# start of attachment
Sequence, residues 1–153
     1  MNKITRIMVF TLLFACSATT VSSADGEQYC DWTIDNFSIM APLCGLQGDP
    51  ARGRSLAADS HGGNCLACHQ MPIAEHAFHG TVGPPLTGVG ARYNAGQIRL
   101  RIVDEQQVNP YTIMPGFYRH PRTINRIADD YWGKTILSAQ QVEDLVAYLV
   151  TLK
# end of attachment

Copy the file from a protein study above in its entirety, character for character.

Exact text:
Sequence, residues 1–153
     1  MNKITRIMVF TLLFACSATT VSSADGEQYC DWTIDNFSIM APLCGLQGDP
    51  ARGRSLAADS HGGNCLACHQ MPIAEHAFHG TVGPPLTGVG ARYNAGQIRL
   101  RIVDEQQVNP YTIMPGFYRH PRTINRIADD YWGKTILSAQ QVEDLVAYLV
   151  TLK